March 20, 2018

CEO Update - March 2018

This week, CSI celebrates with Good Shepherd Microfinance, EY, and the Australian Government on the successful completion of phase one of the Financial Inclusion Action Plan.CSI is also proud to say that two of its partner universities, Swinburne University of Technology and UNSW Sydney, are demonstrating leadership on this issue in the education space having launched their own FIAPs in Phase One of the FIAP program. I’ve asked the FIAP research lead, Senior Research Fellow and Deputy Research Director Dr Abigail Powell to share her insights from the evaluation.

Kristy Muir

 

FIAP: What is it?

The Financial Inclusion Action Plan (FIAP) Program was launched in November 2016. It was funded by the Department of Social Services and led by Good Shepherd Microfinance, in partnership with the Centre for Social Impact, and EY. The vision was simple: building the financial inclusion and resilience of people in Australia. We know that in Australia, in 2016, close to 1 in 5 adults could not, or did not know if they could raise $2,000 in a week in a financial emergency. More than 3.3 million people in Australia are financially excluded, meaning they have limited access to mainstream financial institutions and their banking and insurance products. In a wealthy country like Australia, this isn’t good enough.

Today, the FIAP Program provides a platform for organisations from diverse sectors to combine forces to collectively improve the lives of millions of people in Australia. Thirty organisations (FIAP Trailblazers) joined Phase One of this program — together they employ over 250,000 people and have almost 80 percent of the Australian population as customers.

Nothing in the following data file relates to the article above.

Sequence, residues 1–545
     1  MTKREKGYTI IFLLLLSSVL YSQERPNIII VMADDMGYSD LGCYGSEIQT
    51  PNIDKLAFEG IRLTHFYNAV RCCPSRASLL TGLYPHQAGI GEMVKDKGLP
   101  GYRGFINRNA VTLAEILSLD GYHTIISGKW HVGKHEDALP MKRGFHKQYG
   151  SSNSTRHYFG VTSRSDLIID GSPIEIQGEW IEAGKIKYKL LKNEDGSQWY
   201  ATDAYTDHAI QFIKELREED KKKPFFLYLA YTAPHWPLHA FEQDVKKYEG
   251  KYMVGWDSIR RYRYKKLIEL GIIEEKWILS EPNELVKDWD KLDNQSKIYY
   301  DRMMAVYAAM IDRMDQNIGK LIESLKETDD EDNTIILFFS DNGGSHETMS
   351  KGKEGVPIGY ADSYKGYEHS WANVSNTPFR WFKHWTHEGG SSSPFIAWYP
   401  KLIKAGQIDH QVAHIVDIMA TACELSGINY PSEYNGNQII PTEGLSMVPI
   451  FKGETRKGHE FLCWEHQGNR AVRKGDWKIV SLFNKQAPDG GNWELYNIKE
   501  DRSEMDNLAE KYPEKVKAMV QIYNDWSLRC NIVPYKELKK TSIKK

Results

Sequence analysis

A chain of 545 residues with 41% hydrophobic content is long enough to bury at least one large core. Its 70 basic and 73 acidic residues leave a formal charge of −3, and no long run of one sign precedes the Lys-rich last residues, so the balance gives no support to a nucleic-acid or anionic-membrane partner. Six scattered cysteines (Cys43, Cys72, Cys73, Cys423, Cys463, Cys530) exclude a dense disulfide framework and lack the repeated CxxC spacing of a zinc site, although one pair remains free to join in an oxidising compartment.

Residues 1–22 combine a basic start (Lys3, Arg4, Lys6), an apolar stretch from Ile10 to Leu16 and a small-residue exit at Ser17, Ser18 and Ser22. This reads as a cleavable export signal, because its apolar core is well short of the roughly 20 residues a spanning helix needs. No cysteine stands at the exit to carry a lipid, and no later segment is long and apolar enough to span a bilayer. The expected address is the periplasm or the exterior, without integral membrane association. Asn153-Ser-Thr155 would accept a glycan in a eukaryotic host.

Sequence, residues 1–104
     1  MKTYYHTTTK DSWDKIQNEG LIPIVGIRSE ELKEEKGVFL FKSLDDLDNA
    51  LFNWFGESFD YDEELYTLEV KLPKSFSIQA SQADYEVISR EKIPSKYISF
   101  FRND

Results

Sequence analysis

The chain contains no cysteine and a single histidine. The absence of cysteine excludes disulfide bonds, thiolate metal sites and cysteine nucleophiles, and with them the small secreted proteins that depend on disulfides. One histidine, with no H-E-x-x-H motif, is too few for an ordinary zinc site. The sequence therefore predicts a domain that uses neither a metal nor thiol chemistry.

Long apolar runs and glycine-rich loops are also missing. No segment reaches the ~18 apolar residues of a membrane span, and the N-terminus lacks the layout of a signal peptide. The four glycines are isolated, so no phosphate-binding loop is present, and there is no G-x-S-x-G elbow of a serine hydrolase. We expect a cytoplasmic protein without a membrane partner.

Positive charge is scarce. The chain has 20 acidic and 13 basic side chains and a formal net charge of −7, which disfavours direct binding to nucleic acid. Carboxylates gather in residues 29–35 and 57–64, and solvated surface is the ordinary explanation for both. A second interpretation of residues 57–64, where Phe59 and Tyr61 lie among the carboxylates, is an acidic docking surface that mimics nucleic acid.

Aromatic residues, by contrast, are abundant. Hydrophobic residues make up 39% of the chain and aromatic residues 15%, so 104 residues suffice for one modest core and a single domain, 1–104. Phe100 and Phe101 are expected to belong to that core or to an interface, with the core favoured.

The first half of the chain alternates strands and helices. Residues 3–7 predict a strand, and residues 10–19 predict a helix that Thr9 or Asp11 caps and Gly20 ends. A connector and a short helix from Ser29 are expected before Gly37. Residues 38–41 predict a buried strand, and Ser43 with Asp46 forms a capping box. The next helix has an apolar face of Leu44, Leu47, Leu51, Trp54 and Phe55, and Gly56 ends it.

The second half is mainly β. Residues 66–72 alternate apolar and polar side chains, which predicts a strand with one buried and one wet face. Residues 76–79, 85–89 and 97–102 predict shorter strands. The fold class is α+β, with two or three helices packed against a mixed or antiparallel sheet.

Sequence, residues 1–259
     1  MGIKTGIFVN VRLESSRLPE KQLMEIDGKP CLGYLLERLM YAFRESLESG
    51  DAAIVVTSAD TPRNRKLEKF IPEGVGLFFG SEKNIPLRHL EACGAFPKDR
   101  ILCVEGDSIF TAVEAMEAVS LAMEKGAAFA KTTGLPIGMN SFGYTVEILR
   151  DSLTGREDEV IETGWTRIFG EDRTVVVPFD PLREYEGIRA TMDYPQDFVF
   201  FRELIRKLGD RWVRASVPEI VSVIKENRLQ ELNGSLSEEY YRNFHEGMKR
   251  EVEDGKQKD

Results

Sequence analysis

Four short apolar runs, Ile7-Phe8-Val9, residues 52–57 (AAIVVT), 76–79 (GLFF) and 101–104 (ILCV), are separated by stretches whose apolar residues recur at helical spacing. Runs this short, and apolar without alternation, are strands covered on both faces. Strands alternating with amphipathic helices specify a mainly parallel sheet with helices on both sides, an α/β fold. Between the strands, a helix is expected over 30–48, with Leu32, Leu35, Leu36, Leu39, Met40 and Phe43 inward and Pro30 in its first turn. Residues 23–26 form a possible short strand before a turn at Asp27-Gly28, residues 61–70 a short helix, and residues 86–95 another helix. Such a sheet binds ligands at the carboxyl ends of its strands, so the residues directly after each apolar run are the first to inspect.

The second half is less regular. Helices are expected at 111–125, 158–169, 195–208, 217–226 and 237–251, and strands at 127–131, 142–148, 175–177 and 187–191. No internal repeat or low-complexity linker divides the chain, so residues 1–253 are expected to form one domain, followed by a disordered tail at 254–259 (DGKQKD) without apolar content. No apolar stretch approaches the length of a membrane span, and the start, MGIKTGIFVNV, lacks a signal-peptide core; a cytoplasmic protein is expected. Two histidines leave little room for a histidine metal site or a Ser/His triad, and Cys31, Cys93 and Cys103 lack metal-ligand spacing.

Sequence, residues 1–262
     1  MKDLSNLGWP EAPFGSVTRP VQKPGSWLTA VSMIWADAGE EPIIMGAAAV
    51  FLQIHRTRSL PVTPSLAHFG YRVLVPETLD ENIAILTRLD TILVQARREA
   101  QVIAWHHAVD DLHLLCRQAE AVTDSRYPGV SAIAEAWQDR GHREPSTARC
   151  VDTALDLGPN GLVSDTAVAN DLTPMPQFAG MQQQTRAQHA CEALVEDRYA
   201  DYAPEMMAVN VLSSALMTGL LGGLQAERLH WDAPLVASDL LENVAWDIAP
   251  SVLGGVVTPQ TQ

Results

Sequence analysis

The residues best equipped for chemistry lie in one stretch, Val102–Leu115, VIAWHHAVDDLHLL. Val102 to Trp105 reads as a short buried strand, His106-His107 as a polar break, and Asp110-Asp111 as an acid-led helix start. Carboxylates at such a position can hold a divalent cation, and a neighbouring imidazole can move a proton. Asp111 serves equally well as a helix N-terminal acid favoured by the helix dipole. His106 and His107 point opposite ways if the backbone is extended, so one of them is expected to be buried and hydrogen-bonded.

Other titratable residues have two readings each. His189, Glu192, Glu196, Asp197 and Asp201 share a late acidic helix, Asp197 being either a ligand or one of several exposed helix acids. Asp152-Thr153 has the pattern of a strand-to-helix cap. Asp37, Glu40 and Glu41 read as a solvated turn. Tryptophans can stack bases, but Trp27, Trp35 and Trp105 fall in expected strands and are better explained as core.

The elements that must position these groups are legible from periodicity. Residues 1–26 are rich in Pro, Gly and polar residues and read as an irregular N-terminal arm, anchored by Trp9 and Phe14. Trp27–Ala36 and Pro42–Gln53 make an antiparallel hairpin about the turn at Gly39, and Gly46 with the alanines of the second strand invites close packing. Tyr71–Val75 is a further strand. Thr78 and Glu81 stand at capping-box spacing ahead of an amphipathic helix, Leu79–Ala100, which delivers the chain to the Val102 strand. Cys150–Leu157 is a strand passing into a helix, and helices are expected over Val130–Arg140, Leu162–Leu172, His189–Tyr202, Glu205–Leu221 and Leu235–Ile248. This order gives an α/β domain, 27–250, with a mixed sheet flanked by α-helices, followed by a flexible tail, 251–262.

Financial inclusion and resilience are not the responsibility of any one individual, nor is it the responsibility of any one sector. FIAP’s trailblazing organisations represent financial services, utilities, social services, government, education and legal services amongst other sectors.

FIAP: Taking action

Together the trailblazers have committed 580 actions to address these issues. Broadly, these actions cover user-centred product design and delivery, supportive policies and processes, collaboration for collective action, enhancing financial capability, training and programs to enhance staff capabilities, and shared research, advocacy and evaluation.

You can read more about these actions at fiap.org.au.

Importantly, the FIAP Program is not just a group of organisations tackling financial inclusion under one umbrella. Organisations involved have demonstrated a strong desire to collaborate and learn from others, making the FIAP program more than the sum of its parts. 

What did we learn in Phase One?

The completion of phase one is just the beginning. The FIAP phase one evaluation, conducted by CSI, revealed a number of challenges and opportunities to improve, which will be tackled over the coming months. These include the need for:

  • ongoing organisational commitment and resourcing, both in terms of time and funding;
  • the need for a clear roadmap and value proposition, recognising this may be different for different sectors; and,
  • ongoing support from a FIAP secretariat is instrumental to drive the program into the future.

Ongoing commitment from Trailblazers to collect and report on outcomes data is key to its success. You can follow the FIAP Program’s progress and learn more about the program here.

 Dr Abigail Powell

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